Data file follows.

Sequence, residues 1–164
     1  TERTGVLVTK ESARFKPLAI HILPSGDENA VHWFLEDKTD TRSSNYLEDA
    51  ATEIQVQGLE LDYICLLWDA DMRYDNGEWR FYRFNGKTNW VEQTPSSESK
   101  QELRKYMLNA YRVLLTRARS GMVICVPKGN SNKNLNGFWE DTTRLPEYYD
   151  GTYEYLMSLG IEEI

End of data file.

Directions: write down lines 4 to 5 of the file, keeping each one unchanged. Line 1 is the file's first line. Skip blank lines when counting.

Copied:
   101  QELRKYMLNA YRVLLTRARS GMVICVPKGN SNKNLNGFWE DTTRLPEYYD
   151  GTYEYLMSLG IEEI